What's wrong with my lemon tree?

Discussion in 'Citrus' started by Lise, May 18, 2006.

  1. Lise

    Lise Member

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    Hi there!
    I have a problem with my lemon tree. The leves are turning yellow and falling of, and i don't know what to do!!

    I live in Denmark, where its cold most of the year, so I have had my citrus in the house since I bought it in january. Recently I replantet it into a larger pot, and moved the tree to my greenhouse where the temperature is higher. Since then it has not been well, and after 2 weeks I moved it back inside. I water with rainwater and add citrus fertilizer once a week.

    I'm not sure, but I think I might have overdone the watering of the tree.... HELP??
     

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  2. Laaz

    Laaz Active Member 10 Years

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    Yes it does look like you over watered the tree. I would let the soil dry out & also try to raise the root temps. I would also remove the fruit at this time as well
     
  3. Millet

    Millet Well-Known Member 10 Years

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    I must agree with Laaz. First what is the growing medium made out of. Sure looks like the peat moss content of the medium is too high. Citrus require a very light and VERY airy soil. When you water the tree does the water drain out of the container in less than 1/2 minute? How long does the soil stay wet after you water? Most definately the trees problem is with the roots. After you water the tree DO NOT water again until the top three inches of "soil" becomes dry. Also fertilizing the tree every week is WAY to much fertilizer. I would not fertilize the tree at all until it regains it health. Try to keep the soil at a temperature of AT LEAST 64F (18C) MINIMUM, 22C would be better. Cut way back on the amount of water. I hope it is not to late. Let us know how the tree responds. - Millet
     
  4. Lise

    Lise Member

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    Thanks alot for your answers.
    When I re-potted the tree recently, I used citrus soil (I can't remember the composition of this). When I water the tree, the water NEVER drains out of the container! AND the soil stays moist for at least some days, maybe a week. The temperature in the house is about 20C, is that OK? Alternative I could move the tree back to the green house, but it might get stressed by the varying temperatures? In the green house its 15-25 at day and 8-10 at night. I have a lime tree, which is doing well in the green house. Can I do something about the bad soil at this moment?

    For the present, this is my rescue plan:
    1. I will not water the tree before the top three inches is totally dry (will take time)
    2. I will not fertilize at all, before the tree (hopefully) is well again.

    Lise
     
  5. Lise

    Lise Member

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    One more thing:
    Millet, do you agree with Laaz on removing the fruits?
    It's such a shame, but of course I will do it, if it's better for the recovering of the tree.
     
  6. lemon_dreams

    lemon_dreams Active Member

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    if you keep the fruit on, its putting its energy into the fruits rather than trying to get healthy.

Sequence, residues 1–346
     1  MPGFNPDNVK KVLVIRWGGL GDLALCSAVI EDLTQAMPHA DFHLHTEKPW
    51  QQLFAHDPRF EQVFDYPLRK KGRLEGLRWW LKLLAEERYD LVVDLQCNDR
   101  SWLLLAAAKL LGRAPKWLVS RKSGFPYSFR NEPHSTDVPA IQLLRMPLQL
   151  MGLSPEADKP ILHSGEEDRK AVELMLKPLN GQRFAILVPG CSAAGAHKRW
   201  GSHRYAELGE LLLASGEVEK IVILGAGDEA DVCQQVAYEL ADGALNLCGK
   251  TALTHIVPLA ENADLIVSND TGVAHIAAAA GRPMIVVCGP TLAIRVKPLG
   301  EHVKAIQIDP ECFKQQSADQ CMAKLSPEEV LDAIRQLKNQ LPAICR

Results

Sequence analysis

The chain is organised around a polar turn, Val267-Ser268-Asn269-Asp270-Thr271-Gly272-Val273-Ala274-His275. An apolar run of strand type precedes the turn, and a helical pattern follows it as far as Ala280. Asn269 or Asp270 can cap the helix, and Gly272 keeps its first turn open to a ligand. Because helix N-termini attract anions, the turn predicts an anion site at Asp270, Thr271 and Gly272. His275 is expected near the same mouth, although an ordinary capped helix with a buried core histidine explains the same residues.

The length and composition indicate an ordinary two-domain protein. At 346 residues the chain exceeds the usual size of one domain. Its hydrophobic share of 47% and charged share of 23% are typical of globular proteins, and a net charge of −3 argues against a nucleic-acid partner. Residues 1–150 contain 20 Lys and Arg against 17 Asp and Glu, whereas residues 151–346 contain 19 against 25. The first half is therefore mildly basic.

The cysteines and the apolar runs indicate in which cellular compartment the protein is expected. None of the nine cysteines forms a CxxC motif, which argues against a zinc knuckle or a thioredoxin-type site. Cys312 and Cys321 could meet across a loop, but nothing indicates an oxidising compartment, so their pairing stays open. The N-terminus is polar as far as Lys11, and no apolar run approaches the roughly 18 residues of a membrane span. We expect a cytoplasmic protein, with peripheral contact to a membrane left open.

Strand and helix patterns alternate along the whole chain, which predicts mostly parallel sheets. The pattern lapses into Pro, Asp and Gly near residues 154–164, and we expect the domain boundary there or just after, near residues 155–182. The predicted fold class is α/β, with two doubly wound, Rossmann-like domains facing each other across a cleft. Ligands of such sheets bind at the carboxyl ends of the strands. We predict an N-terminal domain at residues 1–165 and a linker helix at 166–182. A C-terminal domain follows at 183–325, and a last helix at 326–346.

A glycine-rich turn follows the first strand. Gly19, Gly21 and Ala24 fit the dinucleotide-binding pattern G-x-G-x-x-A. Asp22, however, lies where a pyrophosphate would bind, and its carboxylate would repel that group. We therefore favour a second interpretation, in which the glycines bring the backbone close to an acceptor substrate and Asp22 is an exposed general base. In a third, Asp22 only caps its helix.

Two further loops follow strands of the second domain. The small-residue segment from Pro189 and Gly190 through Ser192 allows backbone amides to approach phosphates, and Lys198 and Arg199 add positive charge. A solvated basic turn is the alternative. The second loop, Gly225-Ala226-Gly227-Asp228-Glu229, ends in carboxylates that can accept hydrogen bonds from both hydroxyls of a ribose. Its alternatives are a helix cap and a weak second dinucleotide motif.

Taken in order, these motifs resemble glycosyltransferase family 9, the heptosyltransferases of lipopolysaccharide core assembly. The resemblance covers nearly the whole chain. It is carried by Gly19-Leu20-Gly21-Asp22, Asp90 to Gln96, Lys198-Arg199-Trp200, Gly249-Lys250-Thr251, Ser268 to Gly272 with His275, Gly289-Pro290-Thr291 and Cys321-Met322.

7. Millet

    Millet Well-Known Member 10 Years

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    What do you mean that the water never drains out of the container? Doesn't the container have 4 or 5 large drain holes in the bottom? For citrus, the soil in the container MUST have EXCELLENT drainiage. If the water does not drain out from the bottom of the container, but instead stays inside the container, it will be almost certain death the the root system. Citrus roots demand both moisture and a high soil aeriation. You must quickly correct this situation. The correct method of irrigating containerized citrus is when you water the tree, water the tree well so that approximately 20 percent of the water poured on top of the soil, drains out of the bottom of the container. Then do not water again untill the top 2 or 3 inches of the growing medium is dry. You can check this with your finger. If the water does not drain out of the container the root system stays constantly soggy, the soil air is displaced by the water, and the tree soon suffers and dies from root rot. I can tell by looking at the tree that your tree's roots are already damaged. Yes, I would remove the fruit, the fruit looks already mature anyway. - Millet
     
  8. drichard12

    drichard12 Active Member 10 Years

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    Lise.. Living in Denmark can be rather hard in growing Citrus, rather being an Orange or a Lemon I give you much credit in doing so.

    I have found Lemons rather temperamental for the North. I would like to suggest that you repot your tree using a Orchid mix, or Cider chips or shavings with 1 part Peat.as soon as possible. To help pervert any further root damage " Such as root rot"

    Don't baby your trees's with waterings. I use CHC an peat an havent watered in two weeks with the cool night's day's.
     
  9. Lise

    Lise Member

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    This is challenging my english skills...
    In the garden center, they told me to put leca balls in the bottem two inches and the citrus soil in the rest of the container, so I did. But the citrus soil dos not look lightweight at all, and the drainage is poor. I DO have drainage holes in the bottom of the container, but I have watered just a little but very frequently to keep the soil moist all the time (my mistake).

    When I repot the tree I could use one part citrus soil and one part orchid mix/leca balls, which one is better? Should I try to remove as much as possible of the current growing medium? I am affraid to damage the roots more than they already are.

    By the way, i removed the fruits now. More leaves have dropped... I hope it's not to late to save the tree.
     
  10. Millet

    Millet Well-Known Member 10 Years